A steady stream of clients filed into A+ Insurance on Friday with a mission to accomplish: sign up for a health plan by Sunday or pay a penalty. A big one.
That’s the provision under the Affordable Care Act that brought Caley Carr, a professional tap dancer and teacher, to the Valley Village business.
“The tax penalty is a little bit like the fire that got me moving,” said Carr, 29, as he sat with an agent to discuss his plan options. “I don’t want to pay a penalty again.”
People who receive health coverage from an employer, Medicare or another government program don’t have to worry, but those such as Carr, who are self-employed and who have gone without health insurance, have until Sunday. Those who qualified and went without health insurance in 2015 may have to pay a penalty at tax time, which can go up to $325 per adult and $162.50 per child or 2 percent of the total household taxable income, whichever is higher. That rate will rise to $695 per single filer and 2.5 percent come next tax season. The penalty may go as high as $10,000 for a family of four.
Small businesses up to 50 employees also have new requirements to meet by Sunday’s deadline.
But even with those steep costs, thousands across the Golden State are still not getting the message, acknowledged Peter Lee, the executive director for Covered California, the state’s health plan marketplace.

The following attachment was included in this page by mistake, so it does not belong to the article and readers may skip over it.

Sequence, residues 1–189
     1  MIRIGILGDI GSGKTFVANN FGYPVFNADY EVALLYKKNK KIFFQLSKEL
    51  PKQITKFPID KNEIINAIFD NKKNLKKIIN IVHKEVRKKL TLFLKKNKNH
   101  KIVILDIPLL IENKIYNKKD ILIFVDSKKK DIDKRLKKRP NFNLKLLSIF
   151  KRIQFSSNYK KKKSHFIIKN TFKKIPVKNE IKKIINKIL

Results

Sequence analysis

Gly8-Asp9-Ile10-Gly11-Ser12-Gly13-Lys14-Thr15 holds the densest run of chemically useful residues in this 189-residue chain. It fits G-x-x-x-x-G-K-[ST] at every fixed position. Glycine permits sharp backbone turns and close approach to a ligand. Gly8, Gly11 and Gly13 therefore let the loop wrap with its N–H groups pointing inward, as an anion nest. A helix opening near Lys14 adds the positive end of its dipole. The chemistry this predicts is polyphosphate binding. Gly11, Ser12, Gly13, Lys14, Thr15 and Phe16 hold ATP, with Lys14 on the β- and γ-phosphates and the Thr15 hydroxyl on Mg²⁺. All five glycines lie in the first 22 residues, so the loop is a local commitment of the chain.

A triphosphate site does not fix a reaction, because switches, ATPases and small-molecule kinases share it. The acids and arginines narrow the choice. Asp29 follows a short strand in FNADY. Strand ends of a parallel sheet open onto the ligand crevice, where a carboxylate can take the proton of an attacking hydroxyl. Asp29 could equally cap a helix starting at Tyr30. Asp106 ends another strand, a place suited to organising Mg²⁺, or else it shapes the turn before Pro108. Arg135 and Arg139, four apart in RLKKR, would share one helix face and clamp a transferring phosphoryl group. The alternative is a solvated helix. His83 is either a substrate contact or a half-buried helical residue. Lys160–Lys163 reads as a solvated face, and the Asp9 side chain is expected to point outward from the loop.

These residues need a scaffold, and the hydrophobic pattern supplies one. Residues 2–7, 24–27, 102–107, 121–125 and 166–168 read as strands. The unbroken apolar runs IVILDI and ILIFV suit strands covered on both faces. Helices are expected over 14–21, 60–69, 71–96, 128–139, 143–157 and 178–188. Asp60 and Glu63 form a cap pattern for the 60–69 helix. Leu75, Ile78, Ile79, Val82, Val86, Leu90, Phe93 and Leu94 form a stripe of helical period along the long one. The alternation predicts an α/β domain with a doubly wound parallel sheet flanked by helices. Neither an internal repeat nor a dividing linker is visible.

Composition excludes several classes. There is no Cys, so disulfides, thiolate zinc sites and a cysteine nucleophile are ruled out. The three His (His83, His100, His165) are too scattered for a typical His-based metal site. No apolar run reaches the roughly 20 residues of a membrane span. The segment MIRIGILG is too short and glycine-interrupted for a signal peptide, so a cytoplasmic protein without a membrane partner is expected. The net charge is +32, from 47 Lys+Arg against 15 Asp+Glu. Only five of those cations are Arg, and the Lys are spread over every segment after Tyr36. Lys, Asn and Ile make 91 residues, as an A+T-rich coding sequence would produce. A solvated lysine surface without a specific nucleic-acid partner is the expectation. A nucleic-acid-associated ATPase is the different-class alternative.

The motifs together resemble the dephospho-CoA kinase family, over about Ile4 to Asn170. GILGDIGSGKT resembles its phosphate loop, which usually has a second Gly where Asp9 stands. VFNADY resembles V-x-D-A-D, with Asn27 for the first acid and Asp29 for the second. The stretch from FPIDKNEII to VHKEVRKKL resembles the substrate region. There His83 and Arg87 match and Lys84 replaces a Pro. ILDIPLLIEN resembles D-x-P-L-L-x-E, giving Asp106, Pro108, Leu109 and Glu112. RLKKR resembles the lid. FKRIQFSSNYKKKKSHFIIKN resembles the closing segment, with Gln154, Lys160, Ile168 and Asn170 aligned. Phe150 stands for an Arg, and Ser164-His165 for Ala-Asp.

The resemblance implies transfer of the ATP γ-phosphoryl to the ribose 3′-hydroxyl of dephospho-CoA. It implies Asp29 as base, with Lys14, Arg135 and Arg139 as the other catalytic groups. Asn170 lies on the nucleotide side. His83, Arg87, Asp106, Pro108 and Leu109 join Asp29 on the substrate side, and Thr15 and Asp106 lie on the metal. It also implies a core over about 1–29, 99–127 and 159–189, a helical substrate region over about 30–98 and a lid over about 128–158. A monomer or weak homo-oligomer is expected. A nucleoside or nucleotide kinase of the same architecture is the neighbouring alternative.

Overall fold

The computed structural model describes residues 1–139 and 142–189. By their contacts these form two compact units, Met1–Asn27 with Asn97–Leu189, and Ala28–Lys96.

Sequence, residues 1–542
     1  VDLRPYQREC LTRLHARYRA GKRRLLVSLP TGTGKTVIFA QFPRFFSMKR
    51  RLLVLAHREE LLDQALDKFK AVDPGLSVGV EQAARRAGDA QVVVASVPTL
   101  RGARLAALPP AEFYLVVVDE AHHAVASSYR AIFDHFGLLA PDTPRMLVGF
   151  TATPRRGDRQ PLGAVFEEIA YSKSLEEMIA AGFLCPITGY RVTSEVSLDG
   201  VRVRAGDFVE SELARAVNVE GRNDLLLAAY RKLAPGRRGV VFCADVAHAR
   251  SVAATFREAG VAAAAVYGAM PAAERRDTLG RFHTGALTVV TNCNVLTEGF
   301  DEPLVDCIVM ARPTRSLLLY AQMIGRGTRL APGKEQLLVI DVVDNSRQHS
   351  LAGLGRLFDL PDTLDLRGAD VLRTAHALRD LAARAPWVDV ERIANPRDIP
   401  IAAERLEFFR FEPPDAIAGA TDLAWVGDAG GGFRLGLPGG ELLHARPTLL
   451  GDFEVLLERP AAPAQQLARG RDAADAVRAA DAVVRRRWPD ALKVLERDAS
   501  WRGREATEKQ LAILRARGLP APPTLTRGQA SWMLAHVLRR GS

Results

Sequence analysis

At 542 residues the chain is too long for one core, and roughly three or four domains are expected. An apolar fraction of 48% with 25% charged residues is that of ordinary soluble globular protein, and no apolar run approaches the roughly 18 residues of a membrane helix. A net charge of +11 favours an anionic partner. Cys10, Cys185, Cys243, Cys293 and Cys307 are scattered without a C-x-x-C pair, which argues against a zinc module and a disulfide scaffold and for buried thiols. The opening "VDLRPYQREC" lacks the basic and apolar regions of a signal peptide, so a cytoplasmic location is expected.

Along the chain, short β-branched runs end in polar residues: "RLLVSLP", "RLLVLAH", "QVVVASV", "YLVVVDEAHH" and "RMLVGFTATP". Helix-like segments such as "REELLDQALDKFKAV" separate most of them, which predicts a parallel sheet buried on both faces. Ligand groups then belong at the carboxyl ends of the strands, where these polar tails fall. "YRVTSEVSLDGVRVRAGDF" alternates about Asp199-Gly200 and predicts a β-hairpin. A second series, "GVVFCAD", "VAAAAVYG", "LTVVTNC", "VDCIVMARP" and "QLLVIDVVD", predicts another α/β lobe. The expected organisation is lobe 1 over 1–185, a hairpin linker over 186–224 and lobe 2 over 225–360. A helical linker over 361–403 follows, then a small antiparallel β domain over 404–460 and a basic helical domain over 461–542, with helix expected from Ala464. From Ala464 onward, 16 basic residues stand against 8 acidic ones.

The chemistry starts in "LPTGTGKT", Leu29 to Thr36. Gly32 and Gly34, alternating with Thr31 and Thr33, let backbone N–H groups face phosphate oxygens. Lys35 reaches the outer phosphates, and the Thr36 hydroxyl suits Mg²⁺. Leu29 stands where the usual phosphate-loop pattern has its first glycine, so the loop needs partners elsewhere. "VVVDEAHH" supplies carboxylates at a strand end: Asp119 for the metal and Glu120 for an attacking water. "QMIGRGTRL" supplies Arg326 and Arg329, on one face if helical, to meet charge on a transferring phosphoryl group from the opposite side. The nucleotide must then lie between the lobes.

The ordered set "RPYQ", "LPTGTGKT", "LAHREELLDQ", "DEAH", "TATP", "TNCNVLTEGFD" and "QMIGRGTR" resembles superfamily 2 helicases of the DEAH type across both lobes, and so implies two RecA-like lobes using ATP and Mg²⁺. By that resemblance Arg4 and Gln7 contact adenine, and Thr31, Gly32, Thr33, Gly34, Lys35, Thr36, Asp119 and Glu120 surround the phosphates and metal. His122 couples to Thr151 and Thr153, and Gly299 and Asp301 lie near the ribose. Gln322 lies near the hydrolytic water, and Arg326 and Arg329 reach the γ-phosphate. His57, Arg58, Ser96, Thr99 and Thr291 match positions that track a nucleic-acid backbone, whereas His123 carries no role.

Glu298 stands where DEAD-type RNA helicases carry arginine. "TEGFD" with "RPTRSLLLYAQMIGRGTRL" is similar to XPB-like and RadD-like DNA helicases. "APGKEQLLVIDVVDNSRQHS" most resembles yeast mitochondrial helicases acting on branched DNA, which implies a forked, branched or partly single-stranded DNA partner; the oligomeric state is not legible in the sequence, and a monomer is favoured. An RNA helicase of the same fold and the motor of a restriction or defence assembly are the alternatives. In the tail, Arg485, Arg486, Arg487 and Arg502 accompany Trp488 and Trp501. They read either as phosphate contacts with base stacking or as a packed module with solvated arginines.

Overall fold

When the first enrollment period kicked off in late 2013, there was a certain learning curve to be expected about Covered California and its federal version, HealthCare.gov, both government-run exchanges. Deadline extensions were offered and the tax penalty was smaller.
Now, with hours left in the third enrollment period, no extensions will be offered. It’s either meet the deadline by Sunday or get ready to write a check to the Internal Revenue Service, Lee said. There is only one exception: Those who start an application on Sunday will have until Feb. 6 to finish it.
A total of 1.3 million have enrolled in plans through Covered California since 2013. Not all have stayed. Some people couldn’t make the monthly payments. Premium costs in California rose an average 4 percent.
But another 4.7 million Californians qualified for Medi-Cal, the state’s version of Medicaid.
Some experts estimate that up to 700,000 Californians remain uninsured and eligible to purchase plans available on Covered California or may qualify for Medi-Cal, Lee said. Those do not include people who are undocumented and living in the state.
So far, 329,000 new enrollees signed up through Covered California this enrollment period, although the exchange’s goal is to reach 490,000.
Lee said the culture of having health insurance is changing.
Read more here: Daily News